XO ~ Stephanie

The twins, seven weeks old (gestationally, 4 weeks old), Maxton William and Carson Armin with their 22-month old big sister Mattelyn Lovae.

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We Almost Lost Him…

We Almost Lost Him

Mattelyn and Twins Christmas 201412

Many people make the comment that I’m a good mother. I try to be. I try with all my might to be. I want nothing but the best and the most for my babies. Isn’t that what all parents want for their children? When I started this blog, the main purpose was to pass on information that other new moms like me might be struggling with finding answers to. Not because I had THE answer or the RIGHT answer, but because everything I had searched for, read or come across wasn’t what worked for me, and if I could pass along something that DID work for me, then why not share so someone else may garner the same results? I also enjoy writing and journaling – and this was a way to share my love of babies, children, being creative, photography, gardening, small home repairs, recipes and everyday learnings. I am not an outright advocate of anything particular except for making choices in your life that make you happy and thinking of other people and their happiness and well-being. I also like keeping a record of things and journaling my feelings at a moment in time. Often this is done through my photos but with the onset of social media, with Facebook and Blogging, Instagram, Etsy, Flikr, etc., it appears I’m not the only one that feels this way! I like capturing what my life is like. It may not be of interest to others, but to me, it’s everything. And I like to print my blog and have it so my children can read it when they get older if they so wish. I know I would have LOVED to read about my mom’s life when I was little; to know her wishes and dreams for me. I don’t have but a few hundred followers but of those followers, each have friends and family with pregnant mom-to-be’s. And if this can reach each of my followers and they tell each of their friends, then I will have told at least a few hundred people and maybe, just maybe, this could help save another baby’s life.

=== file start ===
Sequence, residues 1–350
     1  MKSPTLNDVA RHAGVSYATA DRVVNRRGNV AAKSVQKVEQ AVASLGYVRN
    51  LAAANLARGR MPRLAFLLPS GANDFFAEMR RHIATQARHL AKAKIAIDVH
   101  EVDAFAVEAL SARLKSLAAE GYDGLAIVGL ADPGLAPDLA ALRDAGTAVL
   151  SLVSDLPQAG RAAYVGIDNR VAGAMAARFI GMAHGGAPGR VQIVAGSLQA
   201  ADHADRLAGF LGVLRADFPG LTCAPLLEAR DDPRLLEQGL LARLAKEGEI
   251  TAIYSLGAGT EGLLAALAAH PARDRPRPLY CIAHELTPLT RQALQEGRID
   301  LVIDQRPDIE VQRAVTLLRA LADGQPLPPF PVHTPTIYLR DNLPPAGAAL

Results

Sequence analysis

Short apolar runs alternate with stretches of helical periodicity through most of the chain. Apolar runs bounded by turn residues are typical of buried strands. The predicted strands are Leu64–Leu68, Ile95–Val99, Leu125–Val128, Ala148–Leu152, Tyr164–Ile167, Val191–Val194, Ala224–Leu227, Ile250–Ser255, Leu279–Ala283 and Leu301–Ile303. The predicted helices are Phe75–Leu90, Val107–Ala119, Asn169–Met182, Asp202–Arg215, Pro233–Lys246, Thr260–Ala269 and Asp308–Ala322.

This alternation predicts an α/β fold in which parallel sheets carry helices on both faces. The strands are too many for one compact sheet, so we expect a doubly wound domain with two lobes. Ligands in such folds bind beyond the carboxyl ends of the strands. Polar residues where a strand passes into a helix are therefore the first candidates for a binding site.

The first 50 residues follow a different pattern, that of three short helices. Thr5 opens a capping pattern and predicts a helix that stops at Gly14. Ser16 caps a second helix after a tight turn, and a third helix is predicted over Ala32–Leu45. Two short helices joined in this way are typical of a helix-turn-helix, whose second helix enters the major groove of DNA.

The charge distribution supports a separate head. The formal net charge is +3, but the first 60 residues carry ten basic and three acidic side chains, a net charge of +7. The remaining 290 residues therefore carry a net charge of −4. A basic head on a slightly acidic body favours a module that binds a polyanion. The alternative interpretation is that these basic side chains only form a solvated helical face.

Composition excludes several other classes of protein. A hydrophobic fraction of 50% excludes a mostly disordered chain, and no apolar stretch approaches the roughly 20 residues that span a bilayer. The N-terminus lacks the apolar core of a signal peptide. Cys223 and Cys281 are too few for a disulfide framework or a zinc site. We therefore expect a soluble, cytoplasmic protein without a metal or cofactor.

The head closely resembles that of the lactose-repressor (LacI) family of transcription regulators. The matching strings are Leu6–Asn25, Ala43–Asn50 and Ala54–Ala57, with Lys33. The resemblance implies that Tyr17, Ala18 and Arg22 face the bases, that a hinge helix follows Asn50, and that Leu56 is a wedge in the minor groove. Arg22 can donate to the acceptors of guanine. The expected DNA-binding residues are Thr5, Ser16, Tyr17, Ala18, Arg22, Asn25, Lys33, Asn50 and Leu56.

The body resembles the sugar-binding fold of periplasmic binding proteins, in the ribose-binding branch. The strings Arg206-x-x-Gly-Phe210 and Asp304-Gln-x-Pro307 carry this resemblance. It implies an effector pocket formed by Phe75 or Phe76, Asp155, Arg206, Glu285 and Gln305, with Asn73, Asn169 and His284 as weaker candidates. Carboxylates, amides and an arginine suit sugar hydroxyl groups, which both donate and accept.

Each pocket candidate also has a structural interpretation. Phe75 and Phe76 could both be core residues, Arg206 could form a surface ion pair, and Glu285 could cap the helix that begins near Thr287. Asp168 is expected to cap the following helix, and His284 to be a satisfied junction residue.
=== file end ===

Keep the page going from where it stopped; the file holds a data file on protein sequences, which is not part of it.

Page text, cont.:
Maxton William

Maxton William

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Maxton William 7 Weeks

Maxton William 7 Weeks